• The Rams got much better up front on both sides of the ball with their first two picks. Robinson will likely be a terrific guard — where he fits a need — before he takes over at left tackle for Jake Long in a few years. Donald was arguably the most disruptive defensive player in the entire draft, and he gives the Rams a killer front four. Joyner is tiny but a good football player who can complement safety T.J. McDonald. Mason can contribute early in a rotation with Zac Stacy, while Gaines and Gilbert have potential. Great draft.
San Diego Chargers: C+
1 (25) Jason Verrett, DB, TCU2 (50) Jeremiah Attaochu, TE, Georgia Tech3 (89) Chris Watt, G, Notre Dame5 (165) Ryan Carrethers, DB, Arkansas State6 (201) Marlon Grice, RB, Arizona State7 (240) Tevin Reese, WR, Baylor
• Verrett is small, but he’s an immensely talented cover corner who is a good fit and will contribute immediately. Attaochu won’t necessarily be forced into action early but there’s no denying his knack for rushing the passer. Watt is a grinder who will challenge for playing time, while Carrethers’ bulk could help up front. Decent crop by the Bolts.
San Francisco 49ers: A
1 (30) Jimmie Ward, DB, Northern Illinois2 (57) Carlos Hyde, RB, Ohio State3 (70) Marcus Martin, C, Southern California3 (77) Chris Borland, LB, Wisconsin3 (100) Brandon Thomas, G, Clemson4 (106) Bruce Ellington, WR, South Carolina4 (129) Dontae Johnson, DB, N.C. State5 (150) Aaron Lynch, DE, South Florida5 (170) Keith Reaser, DB, Florida Atlantic6 (180) Kenneth Acker, DB, SMU7 (243) Kaleb Ramsey, DE, Boston College7 (245) Trey Millard, RB, Oklahoma
• With their bounty of picks, the 49ers addressed every position of need and ended up with an absolute haul. Ward is a versatile playmaker who fills a need at nickel corner, while Hyde is an excellent value pick who has starter potential. Martin is arguably the top center in the draft, which is a position of need, and Borland is a try-hard player who can fill in if star NaVorro Bowman’s recovery from a serious knee injury takes a while. Ellington is a great value pick and will likely contribute immediately. Thomas is a gifted guard who can redshirt this year and challenge for a starting job, while Lynch and Johnson have the tools to be good players.
Seattle Seahawks: B
2 (45) Paul Richardson, WR, Colorado2 (64) Justin Britt, OT, Missouri4 (108) Cassius Marsh, DE, UCLA4 (123) Kevin Norwood, WR, Alabama4 (132) Kevin Pierre-Louis, LB, Boston College5 (172) Jimmy Staten, DT, Middle Tennessee6 (199) Garrett Scott, OT, Marshall6 (208) Eric Pinkins, DB, San Diego State7 (227) Kiero Small, RB, Arkansas
• The Seahawks traded out of the first round and ended up with a number of interesting players. Richardson has durability concerns but has the ability to take a top off a defense. He fills a need, and so does Britt, who was expected to be a mid-round pick but has enough versatility to play guard or tackle. Because of their proven track record as evaluators, the Seahawks deserve the benefit of the doubt. They also added a sure-handed receiver (Norwood) and two speedy defenders (Marsh and Pierre-Louis). The Seahawks passed on upgrading the talent at tight end, which was a bit of a surprise.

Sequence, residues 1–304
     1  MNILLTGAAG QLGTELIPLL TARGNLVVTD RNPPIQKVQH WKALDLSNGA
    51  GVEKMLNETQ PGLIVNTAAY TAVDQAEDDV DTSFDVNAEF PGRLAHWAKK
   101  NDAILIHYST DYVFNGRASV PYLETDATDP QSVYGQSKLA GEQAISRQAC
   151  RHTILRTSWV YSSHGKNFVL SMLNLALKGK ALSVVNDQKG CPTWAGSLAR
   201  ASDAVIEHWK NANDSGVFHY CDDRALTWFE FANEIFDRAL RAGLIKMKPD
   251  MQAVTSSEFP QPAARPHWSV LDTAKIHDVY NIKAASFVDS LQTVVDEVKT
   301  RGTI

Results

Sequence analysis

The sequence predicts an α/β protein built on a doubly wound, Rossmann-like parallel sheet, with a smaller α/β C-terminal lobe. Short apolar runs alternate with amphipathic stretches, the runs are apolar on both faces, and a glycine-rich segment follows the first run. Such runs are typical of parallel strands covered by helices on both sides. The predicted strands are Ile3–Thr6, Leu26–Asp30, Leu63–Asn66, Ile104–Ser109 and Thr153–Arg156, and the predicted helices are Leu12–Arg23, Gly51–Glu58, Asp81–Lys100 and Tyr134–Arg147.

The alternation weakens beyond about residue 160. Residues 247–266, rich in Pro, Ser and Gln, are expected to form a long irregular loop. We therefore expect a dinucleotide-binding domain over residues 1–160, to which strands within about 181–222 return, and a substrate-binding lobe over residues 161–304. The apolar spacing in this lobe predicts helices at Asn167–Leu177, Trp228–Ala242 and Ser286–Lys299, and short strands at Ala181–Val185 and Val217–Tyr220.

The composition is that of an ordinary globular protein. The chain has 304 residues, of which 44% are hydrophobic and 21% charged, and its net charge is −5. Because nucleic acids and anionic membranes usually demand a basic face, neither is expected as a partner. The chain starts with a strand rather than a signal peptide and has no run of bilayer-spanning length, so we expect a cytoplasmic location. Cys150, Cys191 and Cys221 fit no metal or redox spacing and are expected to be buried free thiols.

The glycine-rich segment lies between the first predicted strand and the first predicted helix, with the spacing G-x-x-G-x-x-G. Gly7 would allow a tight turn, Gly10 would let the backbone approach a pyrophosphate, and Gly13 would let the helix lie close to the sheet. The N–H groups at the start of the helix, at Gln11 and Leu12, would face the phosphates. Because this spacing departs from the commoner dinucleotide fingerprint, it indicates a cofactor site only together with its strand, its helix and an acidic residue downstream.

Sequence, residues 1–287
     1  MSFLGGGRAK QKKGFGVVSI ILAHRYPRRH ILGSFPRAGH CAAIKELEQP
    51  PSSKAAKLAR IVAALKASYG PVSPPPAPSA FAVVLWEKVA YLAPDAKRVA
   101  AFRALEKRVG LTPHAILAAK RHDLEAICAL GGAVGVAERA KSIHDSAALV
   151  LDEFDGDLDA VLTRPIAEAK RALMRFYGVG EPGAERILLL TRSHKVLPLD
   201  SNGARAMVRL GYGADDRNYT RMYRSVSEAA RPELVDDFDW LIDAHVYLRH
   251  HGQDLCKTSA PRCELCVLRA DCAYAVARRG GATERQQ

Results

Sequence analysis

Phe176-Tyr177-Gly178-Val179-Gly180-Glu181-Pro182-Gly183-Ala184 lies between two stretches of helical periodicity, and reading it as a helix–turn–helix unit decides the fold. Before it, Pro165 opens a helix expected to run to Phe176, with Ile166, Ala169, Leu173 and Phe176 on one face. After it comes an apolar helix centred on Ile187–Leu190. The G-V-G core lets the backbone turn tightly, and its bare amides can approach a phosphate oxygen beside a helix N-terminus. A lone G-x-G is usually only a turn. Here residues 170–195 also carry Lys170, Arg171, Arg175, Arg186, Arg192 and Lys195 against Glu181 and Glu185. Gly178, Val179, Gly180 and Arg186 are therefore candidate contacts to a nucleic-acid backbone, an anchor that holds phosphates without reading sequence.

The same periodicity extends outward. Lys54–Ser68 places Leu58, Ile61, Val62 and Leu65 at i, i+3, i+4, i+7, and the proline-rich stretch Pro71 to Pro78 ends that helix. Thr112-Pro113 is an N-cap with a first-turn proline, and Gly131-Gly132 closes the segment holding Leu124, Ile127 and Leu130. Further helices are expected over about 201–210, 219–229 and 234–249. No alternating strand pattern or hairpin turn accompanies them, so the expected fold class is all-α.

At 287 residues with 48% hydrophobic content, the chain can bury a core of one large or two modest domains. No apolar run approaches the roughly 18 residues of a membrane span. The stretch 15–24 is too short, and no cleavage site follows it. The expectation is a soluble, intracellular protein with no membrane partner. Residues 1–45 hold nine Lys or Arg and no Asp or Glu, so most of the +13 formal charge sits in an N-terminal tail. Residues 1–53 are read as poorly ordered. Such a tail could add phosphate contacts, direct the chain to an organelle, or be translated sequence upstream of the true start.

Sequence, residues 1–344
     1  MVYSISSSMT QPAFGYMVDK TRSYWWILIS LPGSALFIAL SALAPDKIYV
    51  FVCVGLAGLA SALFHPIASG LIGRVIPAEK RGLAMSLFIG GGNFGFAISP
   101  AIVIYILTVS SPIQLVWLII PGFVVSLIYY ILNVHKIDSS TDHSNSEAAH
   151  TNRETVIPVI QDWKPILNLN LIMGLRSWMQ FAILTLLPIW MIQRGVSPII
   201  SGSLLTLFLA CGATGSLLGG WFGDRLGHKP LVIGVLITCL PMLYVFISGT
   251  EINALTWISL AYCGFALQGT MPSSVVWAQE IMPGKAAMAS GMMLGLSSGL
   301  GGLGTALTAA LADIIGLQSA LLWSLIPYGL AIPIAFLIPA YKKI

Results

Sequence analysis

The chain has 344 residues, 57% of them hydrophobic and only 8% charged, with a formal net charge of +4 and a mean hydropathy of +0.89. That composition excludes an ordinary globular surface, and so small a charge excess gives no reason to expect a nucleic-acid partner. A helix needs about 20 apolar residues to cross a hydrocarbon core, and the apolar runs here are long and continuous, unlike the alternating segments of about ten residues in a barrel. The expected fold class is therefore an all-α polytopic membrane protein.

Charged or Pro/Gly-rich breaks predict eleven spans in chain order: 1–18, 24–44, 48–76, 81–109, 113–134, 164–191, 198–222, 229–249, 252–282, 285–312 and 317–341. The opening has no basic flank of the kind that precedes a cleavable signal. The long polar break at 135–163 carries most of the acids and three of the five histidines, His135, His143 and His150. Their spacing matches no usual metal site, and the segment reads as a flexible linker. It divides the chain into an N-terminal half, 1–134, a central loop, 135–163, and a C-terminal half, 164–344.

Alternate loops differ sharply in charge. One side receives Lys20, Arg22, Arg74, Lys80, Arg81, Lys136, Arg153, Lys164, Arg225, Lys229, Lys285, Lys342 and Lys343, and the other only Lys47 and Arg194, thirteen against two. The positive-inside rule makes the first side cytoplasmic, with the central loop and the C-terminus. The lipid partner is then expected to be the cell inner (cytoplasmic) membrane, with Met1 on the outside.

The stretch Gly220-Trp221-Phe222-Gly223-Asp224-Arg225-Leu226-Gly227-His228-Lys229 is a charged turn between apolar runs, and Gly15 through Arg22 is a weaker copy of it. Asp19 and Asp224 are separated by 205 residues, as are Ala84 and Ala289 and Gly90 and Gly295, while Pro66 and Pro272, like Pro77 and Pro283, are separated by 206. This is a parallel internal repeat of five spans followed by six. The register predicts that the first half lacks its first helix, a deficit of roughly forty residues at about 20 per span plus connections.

Tampa Bay Buccaneers: B
1 (7) Mike Evans, WR, Texas A&M2 (38) Austin Seferian-Jenkins, TE, Washington3 (69) Charles Sims, RB, West Virginia5 (143) Kadeem Edwards, G, Tennessee State5 (149) Kevin Pamphile, OT, Purdue6 (185) Robert Herron, WR, Wyoming
• The Bucs landed one of the draft’s elite receivers and one of its best tight ends, which both happened to be at positions of need. They also landed a developmental guard in Edwards and a third-down back with great hands in Sims. Herron offers plenty of upside at slot receiver, which is a position of need. It would have been nice to add another defensive end to the mix.
Tennessee Titans: C+
1 (11) Taylor Lewan, OT, Michigan2 (54) Bishop Sankey, RB, Washington4 (112) DaQuan Jones, DT, Penn State4 (122) Marqueston Huff, DB, Wyoming5 (151) Avery Williamson, LB, Kentucky6 (178) Zach Mettenberger, QB, LSU
• Lewan is a solid value pick, though he might not play immediately because of the presence of veteran left tackle Michael Roos. The Titans also addressed needs at running back, tackle and cornerback with some interesting prospects, and Jones was a value pick as well. Mettenberger could be a pet project for new coach Ken Whisenhunt.
2 (47) Trent Murphy, LB, Stanford3 (66) Morgan Moses, OT, Virginia3 (78) Spencer Long, G, Nebraska4 (102) Bashaud Breeland, DB, Clemson5 (142) Ryan Grant, WR, Tulane6 (186) Lache Seastrunk, RB, Baylor7 (217) Ted Bolser, TE, Indiana7 (228) Zach Hocker, K, Arkansas
• Not bad, considering it had no first-round pick. Murphy could be groomed to replace Brian Orakpo, while Moses and Long could also see early playing time at right tackle and right guard, respectively. Breeland is a good value pick at a position of need while Grant has excellent hands and projects as a possession receiver. Surprisingly, Washington decided not to beef up the depth at inside linebacker, safety or defensive line.
Terez A. Paylor, email@example.com
By Terez A. Paylor